We are often reminded of why we go to the University of Dallas. Professors, administrators and students remind each other that spending four years at UD is not just an opportunity for an intellectual education, but also a moral one.
Freshman required classes like Understanding the Bible and Philosophy and the Ethical Life encourage students to begin examining the roots of our understanding of law and virtue. From the Judeo-Christian moral tradition codified in Mosaic Law and the New Testament, to the ancient teachings of Plato and Aristotle, rising above our appetitive nature and aspiring to a greater respect and love for others is at the heart of what students read.
And we are not just expected to contemplate these ideas in class. Classes are meant to instill in us the proper way that we ought to live our lives. After studying the liberal arts, we have a deeper understanding of the choices we make.
So long as we continue to make the right choices, not the easy choices, we abide by the purpose and mission of the UD vision. The practical application of virtue is even more important than the study of it, for the latter without the former would be nothing more than hypocrisy or a severe lack of self-awareness.
However, not all the ideals and virtues that are supposedly embraced by the university seem to apply uniformly to everyone in our community.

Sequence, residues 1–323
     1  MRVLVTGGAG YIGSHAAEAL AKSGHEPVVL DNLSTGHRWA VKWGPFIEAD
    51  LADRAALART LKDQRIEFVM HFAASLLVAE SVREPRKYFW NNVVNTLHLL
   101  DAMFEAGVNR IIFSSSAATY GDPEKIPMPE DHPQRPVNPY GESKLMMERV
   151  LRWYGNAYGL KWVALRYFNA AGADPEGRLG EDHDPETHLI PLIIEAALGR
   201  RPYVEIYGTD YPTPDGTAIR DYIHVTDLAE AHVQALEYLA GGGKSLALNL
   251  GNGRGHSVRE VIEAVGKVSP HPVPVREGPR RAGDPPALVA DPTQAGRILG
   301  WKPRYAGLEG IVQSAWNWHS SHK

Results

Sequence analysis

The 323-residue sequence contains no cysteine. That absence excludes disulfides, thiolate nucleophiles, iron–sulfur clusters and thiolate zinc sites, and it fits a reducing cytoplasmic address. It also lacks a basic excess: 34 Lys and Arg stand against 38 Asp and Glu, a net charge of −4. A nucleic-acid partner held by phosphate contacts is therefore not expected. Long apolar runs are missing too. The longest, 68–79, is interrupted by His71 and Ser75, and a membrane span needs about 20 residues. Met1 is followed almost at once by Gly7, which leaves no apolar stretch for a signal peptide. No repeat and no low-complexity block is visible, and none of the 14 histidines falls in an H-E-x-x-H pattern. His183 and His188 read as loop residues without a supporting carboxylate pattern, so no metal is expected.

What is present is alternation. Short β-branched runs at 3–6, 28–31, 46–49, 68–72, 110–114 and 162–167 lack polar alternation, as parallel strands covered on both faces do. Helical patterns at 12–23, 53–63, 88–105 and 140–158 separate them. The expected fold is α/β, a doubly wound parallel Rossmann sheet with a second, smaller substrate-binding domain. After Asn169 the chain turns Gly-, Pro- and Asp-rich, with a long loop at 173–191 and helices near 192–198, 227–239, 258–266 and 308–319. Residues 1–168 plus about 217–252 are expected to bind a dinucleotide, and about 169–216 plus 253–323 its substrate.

Expectations of honesty, integrity and fairness, among many other good qualities, are expected of students, who usually rise to the occasion. However, these qualities do not seem to apply to those in the most powerful positions who publicly represent our school.
Administrators make covert decisions and then inform the faculty, alumni and students after the fact.
The massively unpopular decision of gutting the Cap Bar, moving the bookstore from a central location and turning Haggar into a massive food hall was met with outcry, but only after the decision was ostensibly made.
The decision to replace President Thomas Keefe early was not made by the community, but made for unknown reasons by the tight-lipped board of trustees.
Many alumni have critiques of the school, but they are not given a lot of representation in decisions that affect the future of the culture and quality of UD, despite the fact that they are petitioned annually for donations to the school.
The alumni have been given greater input since taking grassroots action in the form of a lively Facebook page. The ‘new college’ was also shut down after grassroots protesting, but is this enough representation for the people whose lives are the most intimately affected by the administration’s decisions?
Admittedly, there is a limit to what the students, faculty and alumni should have knowledge of at any given time. Sensitive and personal matters should certainly not become the fodder for useless gossip. However, when it comes to appointing people to important positions, drastic renovations of the school and upheavals of the curriculum, the voices of all members of the community should be allowed to be stronger.
Alumni, students and faculty should have opportunities for informed and constructive dialogue, and they should be given access to channels beyond Facebook posts, newspaper columns and civic demonstrations on the Mall.